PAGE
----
NLM, NYT, Wyoming, More: Saturday Buzz, February 6, 2016


The National Library of Medicine (NLM) has launched MedPix, a medical image database. “Over the past 16 years, MedPix has amassed an impressive collection of over 53,000 images from over 13,000 cases. The MedPix collection categorizes and classifies the image and patient data for each of several subsets of image database applications (e.g. radiology, pathology, ophthalmology, etc.). The content material is both high-quality and high-yield and includes both common and rare conditions. ”

The New York Times has created a Slack bot for the 2016 elections. “Want more election coverage right in your company’s Slack? On Friday, The New York Times rolled out NYT Election Bot, which anyone can add to their Slack channel to receive “live results and updates on the 2016 elections from The New York Times.”

The Wyoming State Historical Society is launching an online archive of oral histories. “The database will be a catalog of Wyoming’s oral histories, categorized by criteria such as historical events, as well as where to find the recordings. Project Director Barbara Bogart spent over a year tracking down the stories from the state’s museums, private collections and libraries.”

The Internet Archive has started a museum of old computer viruses. Don’t worry, though: “To ensure visitor safety, all viruses have been neutered by removing any destructive routines contained within. All that’s left are some semi-amusing DOS-based computer graphics with a slightly cheeky edge.” Oh dear. I think I remember some of these…


LinkedIn is getting rid of its ad network. “Last year LinkedIn followed the example of other tech platforms with lots of user data, like Google and Facebook, and started letting advertisers use that data to target their ads to people outside of LinkedIn. Twelve months later the work-centric social network is shutting down that part of its ad business.”

Looks like Periscope might be getting some updates. “As big Periscope users here at Phandroid, we get excited whenever we hear about new features that could soon make their way to the service. Take Periscope co-founder and CEO Kayvon Beykpour who, when asked about 2 new features currently in testing by beta users, revealed private broadcasts are already in the works.”

Apparently Yahoo is scaling down Flickr, and now I am very worried about Flickr Commons. The Commons isn’t nearly the busy place it used to be, but there are enough institutional collections on it that it would be a huge loss. “To be clear, Yahoo is *not* shutting down Flickr, but it has decided to scale it down. In other words, Flickr will be alive, but Yahoo has decided to reduce its investment in the online photo sharing service. Flickr will soon be operated with minimal overhead, and resources and funds meant for Flickr might be allocated to some other venture within Yahoo’s umbrella.”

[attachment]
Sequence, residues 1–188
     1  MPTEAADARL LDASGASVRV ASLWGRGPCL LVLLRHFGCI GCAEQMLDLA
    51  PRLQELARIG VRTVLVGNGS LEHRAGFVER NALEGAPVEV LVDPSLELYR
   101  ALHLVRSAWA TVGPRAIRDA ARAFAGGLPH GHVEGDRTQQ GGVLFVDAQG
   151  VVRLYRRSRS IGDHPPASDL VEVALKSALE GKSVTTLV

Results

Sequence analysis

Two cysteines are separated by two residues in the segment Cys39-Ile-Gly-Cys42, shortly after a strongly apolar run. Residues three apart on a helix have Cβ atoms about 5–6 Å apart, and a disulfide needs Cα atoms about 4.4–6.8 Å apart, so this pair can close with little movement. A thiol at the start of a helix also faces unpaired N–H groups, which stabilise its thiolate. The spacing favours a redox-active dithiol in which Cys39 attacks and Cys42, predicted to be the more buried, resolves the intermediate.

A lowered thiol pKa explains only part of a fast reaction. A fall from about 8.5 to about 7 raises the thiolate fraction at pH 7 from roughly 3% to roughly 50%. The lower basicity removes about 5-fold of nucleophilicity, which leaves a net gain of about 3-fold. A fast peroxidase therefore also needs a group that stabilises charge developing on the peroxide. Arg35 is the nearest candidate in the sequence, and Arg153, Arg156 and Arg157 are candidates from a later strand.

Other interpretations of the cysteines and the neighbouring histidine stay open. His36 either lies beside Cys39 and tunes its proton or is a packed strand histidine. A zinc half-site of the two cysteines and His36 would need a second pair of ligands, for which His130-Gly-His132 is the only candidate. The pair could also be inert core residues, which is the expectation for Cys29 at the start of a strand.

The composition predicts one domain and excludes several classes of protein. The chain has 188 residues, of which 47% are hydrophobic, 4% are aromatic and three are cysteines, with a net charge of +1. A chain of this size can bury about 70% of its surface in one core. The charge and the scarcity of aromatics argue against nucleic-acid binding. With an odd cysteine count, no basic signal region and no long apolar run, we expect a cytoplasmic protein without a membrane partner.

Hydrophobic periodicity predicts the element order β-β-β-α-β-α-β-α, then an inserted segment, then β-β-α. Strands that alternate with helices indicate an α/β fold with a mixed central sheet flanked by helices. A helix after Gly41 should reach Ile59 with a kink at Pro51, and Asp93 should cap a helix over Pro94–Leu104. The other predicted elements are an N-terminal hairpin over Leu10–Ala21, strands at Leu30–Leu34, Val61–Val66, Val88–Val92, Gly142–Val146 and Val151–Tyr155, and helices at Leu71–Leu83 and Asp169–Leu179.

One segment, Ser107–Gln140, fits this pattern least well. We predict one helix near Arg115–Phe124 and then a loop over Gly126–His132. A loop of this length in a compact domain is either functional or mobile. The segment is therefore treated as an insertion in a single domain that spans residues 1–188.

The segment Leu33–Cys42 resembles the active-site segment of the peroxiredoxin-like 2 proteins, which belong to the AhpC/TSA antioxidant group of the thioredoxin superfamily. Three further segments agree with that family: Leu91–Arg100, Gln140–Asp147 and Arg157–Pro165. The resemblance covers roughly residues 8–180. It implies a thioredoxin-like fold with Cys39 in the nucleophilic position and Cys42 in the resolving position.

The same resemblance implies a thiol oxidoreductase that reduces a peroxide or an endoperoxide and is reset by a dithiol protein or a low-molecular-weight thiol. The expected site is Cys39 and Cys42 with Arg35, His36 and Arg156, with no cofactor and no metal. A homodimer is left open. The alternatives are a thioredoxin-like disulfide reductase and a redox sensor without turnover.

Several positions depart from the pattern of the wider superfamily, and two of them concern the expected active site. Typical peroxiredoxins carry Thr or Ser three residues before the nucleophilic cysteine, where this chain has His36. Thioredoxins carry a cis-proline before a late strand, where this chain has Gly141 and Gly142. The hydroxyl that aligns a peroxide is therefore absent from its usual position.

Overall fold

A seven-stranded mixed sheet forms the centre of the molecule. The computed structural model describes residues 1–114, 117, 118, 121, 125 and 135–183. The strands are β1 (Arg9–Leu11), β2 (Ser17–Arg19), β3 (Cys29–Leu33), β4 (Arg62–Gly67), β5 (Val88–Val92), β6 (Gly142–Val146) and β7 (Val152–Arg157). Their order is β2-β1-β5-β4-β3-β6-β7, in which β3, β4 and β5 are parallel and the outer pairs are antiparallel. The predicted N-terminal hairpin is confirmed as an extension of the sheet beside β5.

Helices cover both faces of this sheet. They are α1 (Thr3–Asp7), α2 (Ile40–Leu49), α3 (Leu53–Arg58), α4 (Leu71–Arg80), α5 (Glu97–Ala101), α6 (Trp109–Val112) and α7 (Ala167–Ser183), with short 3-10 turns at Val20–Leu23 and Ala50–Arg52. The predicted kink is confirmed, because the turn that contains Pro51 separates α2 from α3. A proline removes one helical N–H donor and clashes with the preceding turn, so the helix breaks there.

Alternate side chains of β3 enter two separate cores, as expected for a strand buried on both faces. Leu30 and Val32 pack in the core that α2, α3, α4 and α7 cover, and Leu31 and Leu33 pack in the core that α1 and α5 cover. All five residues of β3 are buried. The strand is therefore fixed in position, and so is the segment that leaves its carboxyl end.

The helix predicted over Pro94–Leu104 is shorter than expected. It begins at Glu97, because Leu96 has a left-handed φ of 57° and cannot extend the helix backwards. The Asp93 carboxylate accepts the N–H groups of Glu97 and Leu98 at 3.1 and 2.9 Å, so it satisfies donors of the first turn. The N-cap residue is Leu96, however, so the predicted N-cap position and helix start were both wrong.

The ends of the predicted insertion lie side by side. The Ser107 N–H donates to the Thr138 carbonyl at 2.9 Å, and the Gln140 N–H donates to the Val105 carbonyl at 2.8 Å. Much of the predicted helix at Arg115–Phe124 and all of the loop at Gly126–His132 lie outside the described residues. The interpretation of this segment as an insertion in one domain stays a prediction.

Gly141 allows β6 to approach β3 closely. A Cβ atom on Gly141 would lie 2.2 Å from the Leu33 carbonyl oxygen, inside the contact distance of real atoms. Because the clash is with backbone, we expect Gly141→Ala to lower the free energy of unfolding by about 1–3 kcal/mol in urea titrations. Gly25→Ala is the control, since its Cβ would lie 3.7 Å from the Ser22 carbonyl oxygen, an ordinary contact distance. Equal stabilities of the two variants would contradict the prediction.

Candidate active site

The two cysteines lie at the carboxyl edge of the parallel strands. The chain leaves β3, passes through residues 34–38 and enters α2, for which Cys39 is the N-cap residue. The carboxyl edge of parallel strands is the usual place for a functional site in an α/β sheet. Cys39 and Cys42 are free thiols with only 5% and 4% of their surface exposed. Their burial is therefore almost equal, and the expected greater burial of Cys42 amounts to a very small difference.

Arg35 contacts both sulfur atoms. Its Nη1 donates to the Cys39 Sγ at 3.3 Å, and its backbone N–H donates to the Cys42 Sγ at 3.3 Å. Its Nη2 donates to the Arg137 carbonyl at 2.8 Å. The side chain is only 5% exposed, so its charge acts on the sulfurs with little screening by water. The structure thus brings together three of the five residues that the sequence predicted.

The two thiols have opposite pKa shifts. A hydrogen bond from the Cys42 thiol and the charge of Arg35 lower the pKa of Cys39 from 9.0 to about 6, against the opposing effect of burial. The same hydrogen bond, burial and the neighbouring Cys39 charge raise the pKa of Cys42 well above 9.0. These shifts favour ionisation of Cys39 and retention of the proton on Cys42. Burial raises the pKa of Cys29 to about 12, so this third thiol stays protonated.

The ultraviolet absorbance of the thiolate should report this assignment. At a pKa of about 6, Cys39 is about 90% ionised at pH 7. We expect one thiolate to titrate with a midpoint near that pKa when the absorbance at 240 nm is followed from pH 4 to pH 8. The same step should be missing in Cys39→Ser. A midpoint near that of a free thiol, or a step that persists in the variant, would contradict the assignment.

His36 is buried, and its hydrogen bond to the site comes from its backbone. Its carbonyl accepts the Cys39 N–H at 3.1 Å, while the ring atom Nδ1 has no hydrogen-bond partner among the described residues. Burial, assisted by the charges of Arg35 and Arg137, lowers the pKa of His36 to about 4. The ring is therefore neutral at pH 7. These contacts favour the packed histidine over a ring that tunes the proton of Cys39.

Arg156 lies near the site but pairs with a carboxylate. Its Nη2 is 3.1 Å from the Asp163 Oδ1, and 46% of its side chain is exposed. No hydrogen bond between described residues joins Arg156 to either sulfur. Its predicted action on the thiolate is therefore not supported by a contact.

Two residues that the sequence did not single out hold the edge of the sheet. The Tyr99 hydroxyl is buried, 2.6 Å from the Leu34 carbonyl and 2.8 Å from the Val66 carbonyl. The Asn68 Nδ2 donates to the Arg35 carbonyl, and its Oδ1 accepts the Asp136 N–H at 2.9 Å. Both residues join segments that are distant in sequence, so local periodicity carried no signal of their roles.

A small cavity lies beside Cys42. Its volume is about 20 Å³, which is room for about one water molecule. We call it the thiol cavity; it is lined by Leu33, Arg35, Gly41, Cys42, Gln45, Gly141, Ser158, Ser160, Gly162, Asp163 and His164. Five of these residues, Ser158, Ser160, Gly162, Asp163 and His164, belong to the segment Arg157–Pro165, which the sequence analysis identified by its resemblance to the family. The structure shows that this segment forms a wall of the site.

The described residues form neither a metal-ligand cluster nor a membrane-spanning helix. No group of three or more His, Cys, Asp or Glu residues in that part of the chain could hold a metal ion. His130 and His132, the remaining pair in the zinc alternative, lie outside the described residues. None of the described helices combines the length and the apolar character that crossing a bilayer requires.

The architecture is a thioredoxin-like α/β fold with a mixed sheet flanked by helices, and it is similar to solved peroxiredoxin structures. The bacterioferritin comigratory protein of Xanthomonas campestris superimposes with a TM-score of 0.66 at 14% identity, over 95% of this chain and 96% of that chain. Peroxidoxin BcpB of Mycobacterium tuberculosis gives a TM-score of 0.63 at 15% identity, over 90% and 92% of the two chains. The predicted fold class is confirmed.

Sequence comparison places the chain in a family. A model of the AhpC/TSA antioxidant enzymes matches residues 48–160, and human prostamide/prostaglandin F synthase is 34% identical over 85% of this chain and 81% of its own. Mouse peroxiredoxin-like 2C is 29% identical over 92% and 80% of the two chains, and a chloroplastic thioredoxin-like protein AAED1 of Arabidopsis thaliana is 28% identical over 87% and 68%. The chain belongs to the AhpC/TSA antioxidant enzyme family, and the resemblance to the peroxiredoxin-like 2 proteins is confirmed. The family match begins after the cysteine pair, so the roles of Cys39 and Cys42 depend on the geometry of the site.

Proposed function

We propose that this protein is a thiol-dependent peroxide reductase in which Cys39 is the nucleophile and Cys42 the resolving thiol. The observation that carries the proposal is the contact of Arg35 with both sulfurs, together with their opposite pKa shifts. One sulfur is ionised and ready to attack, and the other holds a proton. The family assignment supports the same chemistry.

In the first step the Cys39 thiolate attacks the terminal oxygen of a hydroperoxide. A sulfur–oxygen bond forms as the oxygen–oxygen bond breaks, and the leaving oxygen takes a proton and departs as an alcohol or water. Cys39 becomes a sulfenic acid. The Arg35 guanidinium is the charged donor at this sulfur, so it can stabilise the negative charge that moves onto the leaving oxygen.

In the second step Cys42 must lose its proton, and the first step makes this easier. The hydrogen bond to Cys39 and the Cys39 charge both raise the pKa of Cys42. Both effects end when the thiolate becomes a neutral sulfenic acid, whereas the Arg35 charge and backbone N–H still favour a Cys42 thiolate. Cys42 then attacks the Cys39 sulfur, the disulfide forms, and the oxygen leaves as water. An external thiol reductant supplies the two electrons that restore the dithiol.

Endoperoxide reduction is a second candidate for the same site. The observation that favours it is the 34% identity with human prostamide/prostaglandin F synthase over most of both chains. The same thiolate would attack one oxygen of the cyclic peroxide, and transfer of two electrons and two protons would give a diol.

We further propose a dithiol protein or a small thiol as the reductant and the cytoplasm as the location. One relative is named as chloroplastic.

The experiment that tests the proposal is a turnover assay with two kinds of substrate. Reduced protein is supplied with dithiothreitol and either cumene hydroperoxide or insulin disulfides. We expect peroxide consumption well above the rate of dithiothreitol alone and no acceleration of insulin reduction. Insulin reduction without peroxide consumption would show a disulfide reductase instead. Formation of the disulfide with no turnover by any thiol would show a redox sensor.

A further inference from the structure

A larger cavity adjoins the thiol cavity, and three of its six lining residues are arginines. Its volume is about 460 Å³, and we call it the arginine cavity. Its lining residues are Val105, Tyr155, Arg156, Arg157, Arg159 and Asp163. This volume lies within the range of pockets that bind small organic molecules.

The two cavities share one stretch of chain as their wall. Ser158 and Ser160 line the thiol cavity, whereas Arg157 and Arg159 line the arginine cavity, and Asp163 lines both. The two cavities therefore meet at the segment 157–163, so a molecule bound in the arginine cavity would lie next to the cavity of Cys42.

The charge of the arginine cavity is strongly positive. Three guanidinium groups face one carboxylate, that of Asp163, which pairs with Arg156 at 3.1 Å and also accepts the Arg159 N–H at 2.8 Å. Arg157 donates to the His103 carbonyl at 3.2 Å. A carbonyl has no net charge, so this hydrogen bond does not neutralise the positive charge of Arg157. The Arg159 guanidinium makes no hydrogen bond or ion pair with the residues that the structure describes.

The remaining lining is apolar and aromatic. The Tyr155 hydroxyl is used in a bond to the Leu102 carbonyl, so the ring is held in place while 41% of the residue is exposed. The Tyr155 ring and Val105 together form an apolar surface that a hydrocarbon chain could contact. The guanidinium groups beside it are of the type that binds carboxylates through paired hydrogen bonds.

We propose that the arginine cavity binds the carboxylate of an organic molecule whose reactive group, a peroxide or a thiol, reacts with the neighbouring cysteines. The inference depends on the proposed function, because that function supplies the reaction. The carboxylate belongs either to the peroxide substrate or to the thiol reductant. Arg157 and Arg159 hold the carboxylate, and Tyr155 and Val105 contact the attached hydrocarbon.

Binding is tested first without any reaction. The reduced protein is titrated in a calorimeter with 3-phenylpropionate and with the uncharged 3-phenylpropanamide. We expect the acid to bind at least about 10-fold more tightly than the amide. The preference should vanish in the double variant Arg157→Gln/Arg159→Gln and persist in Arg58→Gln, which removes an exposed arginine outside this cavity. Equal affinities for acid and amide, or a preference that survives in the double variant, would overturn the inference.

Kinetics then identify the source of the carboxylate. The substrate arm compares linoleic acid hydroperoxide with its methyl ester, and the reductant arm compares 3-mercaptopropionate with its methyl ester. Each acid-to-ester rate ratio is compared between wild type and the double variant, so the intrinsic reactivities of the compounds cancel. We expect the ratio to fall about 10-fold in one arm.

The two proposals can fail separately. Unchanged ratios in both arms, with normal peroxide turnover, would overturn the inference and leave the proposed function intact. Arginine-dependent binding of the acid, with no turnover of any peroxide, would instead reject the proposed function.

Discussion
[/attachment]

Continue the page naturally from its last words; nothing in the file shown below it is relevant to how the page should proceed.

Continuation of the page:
From Lifehacker Australia: The Best Tips for Finding Cheap Airfare with Google Flights. As you might imagine I review a lot of “tips” articles. I bypass the ones that are thin and minimally-researched, and include only most substantive. This one is especially good.

Alan Levine is on a roll! He’s written a great look at old-school social bookmarking. And one of the things I love about Alan’s blog is that the comments add even more to his post.

Platter of Gold has a roundup of services to convert PDFs to high-quality images.

Larry Ferlazzo has a short list of links about this year’s Super Bowl commercials . (I’m sure the list will get longer.)


Twitter says it has shut down over 125,000 terrorist- or terrorism- related accounts since mid-2015. “We have increased the size of the teams that review reports, reducing our response time significantly. We also look into other accounts similar to those reported and leverage proprietary spam-fighting tools to surface other potentially violating accounts for review by our agents.”


Google’s DeepMind AI gets to play Go, mess with pictures, and now it’s navigating mazes. Sounds like a fun job! “The AI’s greatest challenge came from a 3D maze game called Labyrinth, a test bed for DeepMind’s tech that resembles Doom without the shooting (see video at top). The system is rewarded for finding apples and portals, the latter of which teleport it elsewhere in the maze, and has to score as high as possible in 60 seconds.” Good morning, Internet…

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